Relevance of Helicobacter pylori genotypes in gastric pathology and its association with plasma malondialdehyde and nitric oxide levels.
Persistent infection with Helicobacter pylori confers an increased risk of peptic ulceration and gastric adenocarcinoma. Reactive oxygen and nitrogen species play a crucial role in the progression from normal gastric mucosa to cancer. The aim of the present study was to investigate the plasma malondialdehyde and nitric oxide levels in H. pylori related gastroduodenal diseases and associate their levels with gastric pathology and genotypes of H. pylori. Malondialdehyde and nitric oxide levels in plasma samples of 250 subjects were spectrophotometrically determined. Subsequently, genotypic and histopathological assessment was performed in gastric biopsies obtained during endoscopy. The levels of MDA and NO exceeded in subjects infected with genotype-1 of Hp than those with other genotypes suggesting more precise interaction of highly virulent strains of Hp in eliciting severe tissue damage. In conclusion, the study demonstrates close relationship between the plasma malondialdehyde and nitric oxide levels, gastric histopathology and genotypes of H. pylori.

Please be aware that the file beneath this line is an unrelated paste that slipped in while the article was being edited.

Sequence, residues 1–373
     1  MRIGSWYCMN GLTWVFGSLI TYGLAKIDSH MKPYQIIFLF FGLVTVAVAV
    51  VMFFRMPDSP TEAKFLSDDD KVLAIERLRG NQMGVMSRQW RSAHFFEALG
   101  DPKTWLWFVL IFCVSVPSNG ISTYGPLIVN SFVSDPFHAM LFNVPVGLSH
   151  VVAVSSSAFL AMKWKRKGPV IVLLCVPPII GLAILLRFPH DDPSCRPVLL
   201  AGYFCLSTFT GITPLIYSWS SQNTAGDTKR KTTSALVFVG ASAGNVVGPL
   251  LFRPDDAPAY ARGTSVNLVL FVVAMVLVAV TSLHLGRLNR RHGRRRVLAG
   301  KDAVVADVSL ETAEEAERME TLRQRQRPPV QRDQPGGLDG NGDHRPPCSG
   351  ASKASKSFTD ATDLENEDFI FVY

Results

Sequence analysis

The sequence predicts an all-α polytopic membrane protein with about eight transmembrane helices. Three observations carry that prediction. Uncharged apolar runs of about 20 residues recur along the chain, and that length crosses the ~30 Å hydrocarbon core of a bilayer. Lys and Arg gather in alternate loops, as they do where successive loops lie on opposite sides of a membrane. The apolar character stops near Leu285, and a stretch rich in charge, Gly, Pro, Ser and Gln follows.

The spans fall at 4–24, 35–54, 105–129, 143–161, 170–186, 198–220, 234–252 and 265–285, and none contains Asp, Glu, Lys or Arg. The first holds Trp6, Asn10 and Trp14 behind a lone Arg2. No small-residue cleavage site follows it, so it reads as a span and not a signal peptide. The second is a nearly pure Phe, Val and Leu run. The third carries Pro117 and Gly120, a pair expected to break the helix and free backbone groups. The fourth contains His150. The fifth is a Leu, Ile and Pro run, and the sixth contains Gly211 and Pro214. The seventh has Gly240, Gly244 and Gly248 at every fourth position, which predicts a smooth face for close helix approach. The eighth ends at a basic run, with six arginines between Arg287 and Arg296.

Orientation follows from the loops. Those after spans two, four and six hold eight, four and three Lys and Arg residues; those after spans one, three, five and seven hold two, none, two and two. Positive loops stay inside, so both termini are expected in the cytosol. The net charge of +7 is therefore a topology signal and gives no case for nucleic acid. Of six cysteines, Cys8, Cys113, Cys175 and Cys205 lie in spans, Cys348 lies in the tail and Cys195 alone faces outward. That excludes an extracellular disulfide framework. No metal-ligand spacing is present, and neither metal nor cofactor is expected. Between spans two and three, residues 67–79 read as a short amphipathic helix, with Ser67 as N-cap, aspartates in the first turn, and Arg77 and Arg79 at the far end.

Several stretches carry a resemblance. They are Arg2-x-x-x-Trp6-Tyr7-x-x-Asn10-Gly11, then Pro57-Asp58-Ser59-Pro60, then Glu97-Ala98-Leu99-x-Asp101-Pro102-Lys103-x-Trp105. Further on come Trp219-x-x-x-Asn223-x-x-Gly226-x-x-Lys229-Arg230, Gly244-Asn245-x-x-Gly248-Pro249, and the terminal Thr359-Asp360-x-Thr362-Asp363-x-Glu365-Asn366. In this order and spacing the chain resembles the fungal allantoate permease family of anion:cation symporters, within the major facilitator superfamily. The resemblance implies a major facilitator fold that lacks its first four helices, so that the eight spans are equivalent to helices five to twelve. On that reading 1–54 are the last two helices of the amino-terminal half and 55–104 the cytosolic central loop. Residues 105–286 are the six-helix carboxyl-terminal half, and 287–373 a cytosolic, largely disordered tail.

Version: za2963e q8za0 q8zbe q8zc3 q8zde q8zef q8zfc q8zg2